Our recent work started with building and painting terrain and painting CollectA dinosaur models for the upcoming playtests.
Arthur has over over a decade of experience building in this field, and it shows, so let's start with the finished product and walk you through the steps.
A parasaurolophus standing on rough ground terrain.
The base is made of reclaimed scrapwood. After liberally applying spray paint, brushed-on paint, and glue, we had the following base:
Styrofoam and pebbles forming the base of in-game rocks.
Bright green flock, some aquarium plants and green bush material from a railway scenics manafacturer for detailing.
They looked fantastic on the board and worked really well to demonstrate the purpose of "rough ground" in the book.
The collecta models that we bought arrived and they look awesome. This feathered T-Rex is fantastic and our favorite sculpt we'eve seen to date. The base was quite chunky and we wanted to remove it to put it on a "cretacea" friendly base. This was quickly done with a dremel tool (it was messy work, if you're ever dremeling soft plastic be careful to wear the correct protective equipment).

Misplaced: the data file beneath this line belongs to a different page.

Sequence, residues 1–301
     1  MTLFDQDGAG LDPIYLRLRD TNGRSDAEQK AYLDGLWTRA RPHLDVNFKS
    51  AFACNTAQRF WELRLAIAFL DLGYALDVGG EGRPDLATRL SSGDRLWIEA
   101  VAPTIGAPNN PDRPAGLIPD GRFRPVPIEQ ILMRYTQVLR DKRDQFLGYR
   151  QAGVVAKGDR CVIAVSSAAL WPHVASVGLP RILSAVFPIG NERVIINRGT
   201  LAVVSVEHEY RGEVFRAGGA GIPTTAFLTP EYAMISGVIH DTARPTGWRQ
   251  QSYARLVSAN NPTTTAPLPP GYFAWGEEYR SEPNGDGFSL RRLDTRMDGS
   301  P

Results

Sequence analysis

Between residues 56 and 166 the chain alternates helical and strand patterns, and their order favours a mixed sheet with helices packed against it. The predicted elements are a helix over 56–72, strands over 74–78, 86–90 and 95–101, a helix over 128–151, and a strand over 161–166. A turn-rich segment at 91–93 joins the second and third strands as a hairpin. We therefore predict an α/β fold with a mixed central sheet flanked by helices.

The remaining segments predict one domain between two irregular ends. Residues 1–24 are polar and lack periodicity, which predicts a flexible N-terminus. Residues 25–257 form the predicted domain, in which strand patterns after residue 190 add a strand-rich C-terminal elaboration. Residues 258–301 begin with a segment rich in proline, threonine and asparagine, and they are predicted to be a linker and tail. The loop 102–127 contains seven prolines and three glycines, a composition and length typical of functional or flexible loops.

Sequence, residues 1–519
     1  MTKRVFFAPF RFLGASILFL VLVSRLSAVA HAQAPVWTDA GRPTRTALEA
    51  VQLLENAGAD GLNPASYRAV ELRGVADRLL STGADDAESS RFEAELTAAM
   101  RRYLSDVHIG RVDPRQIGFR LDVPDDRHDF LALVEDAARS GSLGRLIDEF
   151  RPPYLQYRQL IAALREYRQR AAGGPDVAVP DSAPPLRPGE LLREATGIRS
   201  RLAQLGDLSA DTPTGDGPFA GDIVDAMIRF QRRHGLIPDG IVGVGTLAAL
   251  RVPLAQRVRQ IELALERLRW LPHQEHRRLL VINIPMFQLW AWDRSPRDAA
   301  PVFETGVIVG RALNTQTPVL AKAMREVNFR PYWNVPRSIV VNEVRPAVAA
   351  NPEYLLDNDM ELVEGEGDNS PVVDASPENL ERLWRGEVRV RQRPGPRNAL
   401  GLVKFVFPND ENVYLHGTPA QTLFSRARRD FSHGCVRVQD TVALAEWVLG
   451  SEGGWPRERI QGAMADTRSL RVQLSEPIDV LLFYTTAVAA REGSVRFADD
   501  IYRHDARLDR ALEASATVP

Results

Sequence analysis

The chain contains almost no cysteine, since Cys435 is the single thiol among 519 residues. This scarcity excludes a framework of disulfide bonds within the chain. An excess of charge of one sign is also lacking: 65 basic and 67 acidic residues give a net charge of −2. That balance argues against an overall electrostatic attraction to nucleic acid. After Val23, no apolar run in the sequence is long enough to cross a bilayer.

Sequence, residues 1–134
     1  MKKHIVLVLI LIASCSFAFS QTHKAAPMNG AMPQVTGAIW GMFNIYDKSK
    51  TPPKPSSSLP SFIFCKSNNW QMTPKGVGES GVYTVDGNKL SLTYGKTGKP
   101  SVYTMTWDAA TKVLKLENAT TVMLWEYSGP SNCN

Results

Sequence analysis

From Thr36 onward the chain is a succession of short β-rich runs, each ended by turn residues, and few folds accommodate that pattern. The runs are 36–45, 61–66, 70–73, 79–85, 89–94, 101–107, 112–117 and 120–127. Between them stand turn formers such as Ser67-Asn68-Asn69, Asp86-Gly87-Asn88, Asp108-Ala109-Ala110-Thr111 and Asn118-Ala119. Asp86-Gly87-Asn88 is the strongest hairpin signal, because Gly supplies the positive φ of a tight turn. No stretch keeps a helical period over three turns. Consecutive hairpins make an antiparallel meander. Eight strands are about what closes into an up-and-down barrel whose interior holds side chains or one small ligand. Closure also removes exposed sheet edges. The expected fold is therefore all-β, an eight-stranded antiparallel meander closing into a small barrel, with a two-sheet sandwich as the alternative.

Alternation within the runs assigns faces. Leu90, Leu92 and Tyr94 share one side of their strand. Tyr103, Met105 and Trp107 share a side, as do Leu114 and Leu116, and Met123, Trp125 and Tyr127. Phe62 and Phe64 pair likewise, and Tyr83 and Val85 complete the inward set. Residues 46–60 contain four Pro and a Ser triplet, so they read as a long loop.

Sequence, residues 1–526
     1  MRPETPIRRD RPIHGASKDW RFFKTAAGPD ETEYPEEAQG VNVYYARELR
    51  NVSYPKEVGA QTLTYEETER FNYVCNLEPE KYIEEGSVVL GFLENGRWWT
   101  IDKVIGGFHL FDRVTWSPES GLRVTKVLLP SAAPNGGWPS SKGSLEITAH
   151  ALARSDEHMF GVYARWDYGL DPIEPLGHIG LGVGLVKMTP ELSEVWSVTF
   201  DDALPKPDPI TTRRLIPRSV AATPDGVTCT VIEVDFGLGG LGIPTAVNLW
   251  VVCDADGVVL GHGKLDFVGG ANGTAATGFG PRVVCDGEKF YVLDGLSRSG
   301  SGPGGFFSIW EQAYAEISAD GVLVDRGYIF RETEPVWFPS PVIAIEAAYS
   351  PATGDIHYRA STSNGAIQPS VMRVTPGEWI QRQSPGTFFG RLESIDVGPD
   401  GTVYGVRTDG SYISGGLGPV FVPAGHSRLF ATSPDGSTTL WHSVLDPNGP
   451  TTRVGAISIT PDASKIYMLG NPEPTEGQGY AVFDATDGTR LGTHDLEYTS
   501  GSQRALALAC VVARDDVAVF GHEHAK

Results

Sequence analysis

Giving every dinosaur a base that fits the model size, and preparing them for painting. Bottom left is our new sauropod and behind him is a carnotaurus and a brontosaurus we aim to get playtesting soon!
All our work in action. The small trees came from Arthur's terrain box. We didn't make them and they're ordered from china, a giant box of trees for about £10.00. Arthur did however base them on washers and spray them with varying shades of green.
As you can see, the work pays off so much. Anyone who has been to a wargames convention can tell you that the boards with beautiful terrain stand out.
Terrain on a game board is like a salad: you want all the food groups and all the colours, and our game board is a beautiful salad if there ever was one.
More to come
In this blog you can find regular updates regarding the development and playing of Wicked Wargames systems.